1.28. Everything depends on the outcomes of the struggles. No matter how deep the disaster, at every stage, the struggles will make the difference. Within the struggles, everything depends on the ability of ecosocialist activists to organize in order to orient themselves in practice on the compass of a historically necessary option.

2. The world we fight for

2.1. Our project for a future society articulates social and political emancipation with the imperative to stop the destruction of life and to repair as much as possible of the damage already done.

2.2. We want to (try to) imagine what a good life would be for everyone everywhere while reducing the consumption of matter and energy, and therefore reducing material production. It is not a question of giving a ready-made model, but of daring to think of another world, a world that makes us want to fight to build it by breaking with capitalism and productivism.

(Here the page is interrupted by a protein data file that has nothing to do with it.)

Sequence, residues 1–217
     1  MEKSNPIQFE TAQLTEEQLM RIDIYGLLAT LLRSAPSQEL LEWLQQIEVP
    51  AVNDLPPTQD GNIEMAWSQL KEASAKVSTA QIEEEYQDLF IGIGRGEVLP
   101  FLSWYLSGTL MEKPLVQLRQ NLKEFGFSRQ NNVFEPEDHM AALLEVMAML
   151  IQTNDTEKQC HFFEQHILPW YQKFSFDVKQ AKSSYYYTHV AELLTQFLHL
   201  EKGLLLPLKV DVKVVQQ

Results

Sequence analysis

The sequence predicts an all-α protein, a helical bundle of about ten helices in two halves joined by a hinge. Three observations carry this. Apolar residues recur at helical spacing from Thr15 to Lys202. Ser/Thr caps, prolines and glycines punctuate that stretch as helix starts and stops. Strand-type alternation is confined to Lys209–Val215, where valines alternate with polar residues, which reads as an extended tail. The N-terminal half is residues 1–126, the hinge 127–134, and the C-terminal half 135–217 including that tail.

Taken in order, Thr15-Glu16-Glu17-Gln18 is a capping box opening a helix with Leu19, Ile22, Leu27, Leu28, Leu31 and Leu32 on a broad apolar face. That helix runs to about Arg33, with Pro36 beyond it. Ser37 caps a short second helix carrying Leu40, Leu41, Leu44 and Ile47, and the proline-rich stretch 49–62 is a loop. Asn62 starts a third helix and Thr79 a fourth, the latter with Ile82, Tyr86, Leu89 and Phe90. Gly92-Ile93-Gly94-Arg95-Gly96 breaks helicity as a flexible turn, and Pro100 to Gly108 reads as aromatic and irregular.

“Yes, it is bread we fight for, but we fight for roses too.”

2.3. A good life for all requires that basic human needs - healthy food, health, shelter, clean air and water - are met.

2.4. A good life is also a chosen life, fulfilling and creative, engaged in rich and equal human relationships, surrounded by the beauty of the world and human achievements.

2.5. Our planet (still) has enough arable land, drinking water, sun and wind, biodiversity and resources of all kinds to meet legitimate human needs while renouncing climate-damaging fossil fuels and nuclear power. However, some of these resources are limited and therefore exhaustible, while others, although they are inexhaustible, require for their human consumption of materials that are exhaustible or even rare and whose extraction is ecologically damaging. In any case, as their use cannot be unlimited, we use them carefully and sparingly, in an ecologically wise way.